It was not spam. I am trying to develop a product that is directly relevant to this community and I was asking for feedback. I appreciate all the comments so far.
 
It was not spam. I am trying to develop a product that is directly relevant to this community and I was asking for feedback. I appreciate all the comments so far.

What did you think of my idea to work together and build that program?

Do you have any martial arts experience?
 
It was not spam. I am trying to develop a product that is directly relevant to this community and I was asking for feedback. I appreciate all the comments so far.
I appreciate the idea. I am one of those who don't believe it is possible to teach this way. There is no substitute for a trained instructor watching and correcting the student. Everyone wants there to be, but there isn't. My opinion.
 
I appreciate the idea. I am one of those who don't believe it is possible to teach this way. There is no substitute for a trained instructor watching and correcting the student. Everyone wants there to be, but there isn't. My opinion.
I agree. I think the VR/AR thing could be used as a supplemental aid for home practice. Something for the student to use when they're not at the club.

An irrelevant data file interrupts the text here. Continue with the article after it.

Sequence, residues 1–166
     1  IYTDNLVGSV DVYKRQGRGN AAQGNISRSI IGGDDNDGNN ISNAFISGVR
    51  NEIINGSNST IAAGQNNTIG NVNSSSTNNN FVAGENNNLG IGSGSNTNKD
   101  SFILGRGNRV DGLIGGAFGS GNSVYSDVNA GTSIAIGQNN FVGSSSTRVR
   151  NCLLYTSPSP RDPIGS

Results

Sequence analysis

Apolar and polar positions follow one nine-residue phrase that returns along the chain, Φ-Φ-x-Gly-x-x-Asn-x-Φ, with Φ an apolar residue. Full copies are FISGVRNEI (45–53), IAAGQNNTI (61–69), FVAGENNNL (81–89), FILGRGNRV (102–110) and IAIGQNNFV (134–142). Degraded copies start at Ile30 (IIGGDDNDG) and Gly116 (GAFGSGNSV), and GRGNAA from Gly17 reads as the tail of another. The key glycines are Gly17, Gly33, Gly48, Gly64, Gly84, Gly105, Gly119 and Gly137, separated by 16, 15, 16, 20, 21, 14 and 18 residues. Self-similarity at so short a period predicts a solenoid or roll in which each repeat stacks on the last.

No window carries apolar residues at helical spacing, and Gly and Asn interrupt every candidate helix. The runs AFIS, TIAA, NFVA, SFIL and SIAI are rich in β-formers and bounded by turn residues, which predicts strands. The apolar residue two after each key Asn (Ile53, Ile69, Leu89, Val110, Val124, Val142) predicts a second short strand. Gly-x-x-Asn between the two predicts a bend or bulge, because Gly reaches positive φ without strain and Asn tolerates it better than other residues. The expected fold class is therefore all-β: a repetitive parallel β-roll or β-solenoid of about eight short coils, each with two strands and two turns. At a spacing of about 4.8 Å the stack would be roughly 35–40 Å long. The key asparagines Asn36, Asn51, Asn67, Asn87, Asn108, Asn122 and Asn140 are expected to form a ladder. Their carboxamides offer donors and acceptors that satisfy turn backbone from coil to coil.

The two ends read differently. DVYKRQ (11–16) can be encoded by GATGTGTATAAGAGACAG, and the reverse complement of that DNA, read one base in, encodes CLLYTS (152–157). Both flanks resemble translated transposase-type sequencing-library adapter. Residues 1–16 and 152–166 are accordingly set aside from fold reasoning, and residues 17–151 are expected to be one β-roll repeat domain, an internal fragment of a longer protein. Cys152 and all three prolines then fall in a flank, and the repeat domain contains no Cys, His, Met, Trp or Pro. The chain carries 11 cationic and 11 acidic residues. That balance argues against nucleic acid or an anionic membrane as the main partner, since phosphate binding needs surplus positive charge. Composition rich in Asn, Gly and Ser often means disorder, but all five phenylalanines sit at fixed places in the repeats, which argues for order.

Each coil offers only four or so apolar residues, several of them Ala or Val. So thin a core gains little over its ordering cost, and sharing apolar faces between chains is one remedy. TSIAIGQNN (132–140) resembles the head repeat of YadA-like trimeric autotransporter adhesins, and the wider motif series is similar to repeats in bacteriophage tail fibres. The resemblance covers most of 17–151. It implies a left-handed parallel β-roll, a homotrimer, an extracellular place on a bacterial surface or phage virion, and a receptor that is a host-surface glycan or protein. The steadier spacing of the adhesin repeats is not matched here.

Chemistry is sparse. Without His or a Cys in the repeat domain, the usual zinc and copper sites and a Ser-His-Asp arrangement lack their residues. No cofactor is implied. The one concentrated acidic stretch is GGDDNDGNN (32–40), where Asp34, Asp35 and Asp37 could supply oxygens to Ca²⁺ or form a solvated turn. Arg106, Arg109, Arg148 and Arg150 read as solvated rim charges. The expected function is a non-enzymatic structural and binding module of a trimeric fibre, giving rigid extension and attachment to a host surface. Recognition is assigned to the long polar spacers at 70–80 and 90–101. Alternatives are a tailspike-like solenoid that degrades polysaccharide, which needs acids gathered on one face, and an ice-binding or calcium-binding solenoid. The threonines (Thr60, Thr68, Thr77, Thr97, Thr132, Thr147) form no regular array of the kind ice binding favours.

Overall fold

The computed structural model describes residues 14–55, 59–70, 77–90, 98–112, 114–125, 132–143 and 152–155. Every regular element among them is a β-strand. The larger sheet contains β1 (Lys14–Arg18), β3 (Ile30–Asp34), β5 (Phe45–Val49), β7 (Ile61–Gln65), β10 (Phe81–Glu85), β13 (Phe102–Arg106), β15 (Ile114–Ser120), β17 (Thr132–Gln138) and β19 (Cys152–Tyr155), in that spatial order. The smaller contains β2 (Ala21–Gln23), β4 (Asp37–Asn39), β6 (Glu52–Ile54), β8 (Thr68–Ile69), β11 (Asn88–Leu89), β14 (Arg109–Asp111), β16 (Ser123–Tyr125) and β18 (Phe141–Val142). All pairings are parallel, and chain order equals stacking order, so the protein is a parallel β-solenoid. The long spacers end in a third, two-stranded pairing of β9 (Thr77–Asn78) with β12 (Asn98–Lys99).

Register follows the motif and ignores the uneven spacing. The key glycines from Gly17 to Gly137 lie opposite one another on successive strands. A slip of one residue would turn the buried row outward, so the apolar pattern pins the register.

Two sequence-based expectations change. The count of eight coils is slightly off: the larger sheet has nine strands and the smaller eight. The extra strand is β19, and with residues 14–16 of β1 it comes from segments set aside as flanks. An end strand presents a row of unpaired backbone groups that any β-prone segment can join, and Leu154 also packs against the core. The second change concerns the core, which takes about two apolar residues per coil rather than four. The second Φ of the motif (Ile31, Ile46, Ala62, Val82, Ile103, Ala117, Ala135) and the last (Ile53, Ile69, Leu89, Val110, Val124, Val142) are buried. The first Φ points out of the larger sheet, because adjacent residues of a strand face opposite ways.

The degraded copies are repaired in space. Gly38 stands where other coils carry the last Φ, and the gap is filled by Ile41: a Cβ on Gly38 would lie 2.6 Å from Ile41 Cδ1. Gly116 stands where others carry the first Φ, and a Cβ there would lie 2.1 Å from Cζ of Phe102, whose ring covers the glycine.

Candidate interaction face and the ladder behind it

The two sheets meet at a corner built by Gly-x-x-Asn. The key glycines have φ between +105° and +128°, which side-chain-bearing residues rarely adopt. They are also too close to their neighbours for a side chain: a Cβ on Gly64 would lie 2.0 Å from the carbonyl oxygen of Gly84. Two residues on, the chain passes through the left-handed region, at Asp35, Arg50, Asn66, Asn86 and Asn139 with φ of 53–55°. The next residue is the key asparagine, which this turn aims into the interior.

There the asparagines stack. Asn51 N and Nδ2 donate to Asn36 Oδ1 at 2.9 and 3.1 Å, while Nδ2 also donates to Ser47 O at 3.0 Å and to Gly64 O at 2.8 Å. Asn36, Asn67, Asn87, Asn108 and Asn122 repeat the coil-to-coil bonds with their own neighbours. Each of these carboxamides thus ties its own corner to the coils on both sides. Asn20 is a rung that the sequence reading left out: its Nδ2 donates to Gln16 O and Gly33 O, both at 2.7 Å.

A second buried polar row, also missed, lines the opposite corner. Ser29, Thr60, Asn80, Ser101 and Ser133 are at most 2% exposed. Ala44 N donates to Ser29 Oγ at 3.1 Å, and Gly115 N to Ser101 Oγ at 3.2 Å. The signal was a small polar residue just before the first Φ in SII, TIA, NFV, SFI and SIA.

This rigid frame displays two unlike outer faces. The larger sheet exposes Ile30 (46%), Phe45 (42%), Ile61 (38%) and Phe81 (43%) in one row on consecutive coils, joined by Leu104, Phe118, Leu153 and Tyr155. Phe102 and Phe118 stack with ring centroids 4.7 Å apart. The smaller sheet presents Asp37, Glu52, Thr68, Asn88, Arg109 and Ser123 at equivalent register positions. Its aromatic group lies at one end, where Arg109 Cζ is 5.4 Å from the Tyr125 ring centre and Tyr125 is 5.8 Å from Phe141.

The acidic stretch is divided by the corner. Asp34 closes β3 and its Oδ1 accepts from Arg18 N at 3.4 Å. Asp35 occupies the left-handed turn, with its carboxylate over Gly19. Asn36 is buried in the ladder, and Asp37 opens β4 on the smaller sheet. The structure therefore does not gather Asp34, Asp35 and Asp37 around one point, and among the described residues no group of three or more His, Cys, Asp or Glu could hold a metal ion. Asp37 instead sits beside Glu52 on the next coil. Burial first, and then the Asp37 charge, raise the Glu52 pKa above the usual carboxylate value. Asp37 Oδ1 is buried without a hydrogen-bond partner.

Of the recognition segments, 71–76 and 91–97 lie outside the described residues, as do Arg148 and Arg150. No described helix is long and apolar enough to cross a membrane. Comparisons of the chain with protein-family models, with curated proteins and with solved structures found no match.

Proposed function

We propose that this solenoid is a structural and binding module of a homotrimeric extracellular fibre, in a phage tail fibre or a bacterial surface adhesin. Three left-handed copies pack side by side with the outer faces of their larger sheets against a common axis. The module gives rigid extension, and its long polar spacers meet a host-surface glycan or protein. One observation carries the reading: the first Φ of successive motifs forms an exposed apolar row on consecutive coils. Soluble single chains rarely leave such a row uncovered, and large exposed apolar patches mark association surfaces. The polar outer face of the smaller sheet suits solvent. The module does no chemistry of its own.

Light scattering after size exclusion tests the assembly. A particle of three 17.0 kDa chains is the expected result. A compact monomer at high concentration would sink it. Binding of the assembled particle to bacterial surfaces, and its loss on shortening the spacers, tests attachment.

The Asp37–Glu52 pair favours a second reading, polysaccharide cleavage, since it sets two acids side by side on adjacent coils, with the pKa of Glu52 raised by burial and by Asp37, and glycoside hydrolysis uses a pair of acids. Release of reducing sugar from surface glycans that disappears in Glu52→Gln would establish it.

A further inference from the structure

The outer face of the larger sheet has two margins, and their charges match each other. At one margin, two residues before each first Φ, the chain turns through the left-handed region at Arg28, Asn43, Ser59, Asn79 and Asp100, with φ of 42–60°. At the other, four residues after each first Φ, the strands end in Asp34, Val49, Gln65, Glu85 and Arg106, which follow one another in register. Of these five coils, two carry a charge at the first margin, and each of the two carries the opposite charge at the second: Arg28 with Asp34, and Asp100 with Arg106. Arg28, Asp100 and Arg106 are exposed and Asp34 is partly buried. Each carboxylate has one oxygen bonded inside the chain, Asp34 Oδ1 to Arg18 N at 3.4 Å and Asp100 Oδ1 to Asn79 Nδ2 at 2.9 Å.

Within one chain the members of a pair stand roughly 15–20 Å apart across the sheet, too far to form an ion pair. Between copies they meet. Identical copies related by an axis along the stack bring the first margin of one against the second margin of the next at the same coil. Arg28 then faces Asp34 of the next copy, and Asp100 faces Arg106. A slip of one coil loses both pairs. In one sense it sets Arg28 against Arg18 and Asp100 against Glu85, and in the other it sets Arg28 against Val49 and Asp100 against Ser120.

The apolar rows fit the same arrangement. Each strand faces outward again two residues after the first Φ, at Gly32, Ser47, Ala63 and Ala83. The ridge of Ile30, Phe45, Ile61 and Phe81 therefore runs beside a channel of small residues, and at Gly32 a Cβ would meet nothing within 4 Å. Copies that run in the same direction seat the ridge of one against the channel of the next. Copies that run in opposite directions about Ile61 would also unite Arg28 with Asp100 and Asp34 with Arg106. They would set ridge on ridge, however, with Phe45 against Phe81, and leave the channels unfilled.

I actually created a program back in 2016 that essentially recreates the class environment for students to train at home, and was fully customizable. It's not AR, but then nobody had AR in 2016. The idea (even back then) was to eventually bring it to the AR area and go all the way with it. Maybe that's what I'll do with it after all. I'll have some availability once I finish shooting my red belt videos.
 
What did you think of my idea to work together and build that program?

Do you have any martial arts experience?

Thank you for the kind offer. I'm not in need of programming assistance (the program is already built). And yes, I am a Taekwondo instructor myself.

Ideally what I'm looking for is for people to download the app (it's free, not trying to make money), try it, and provide feedback.

With regard to the other comments:
  1. I absolutely agree "there is no substitute for a trained instructor watching". The app is just a tool for instructors to use.
  2. I disagree that "videos are a better teaching tool". I feel the app does provide "info on stance, power generation, balance, form, trajectory, etc" at least as well as watching videos. But I'll need detailed feedback to help test the validity of that.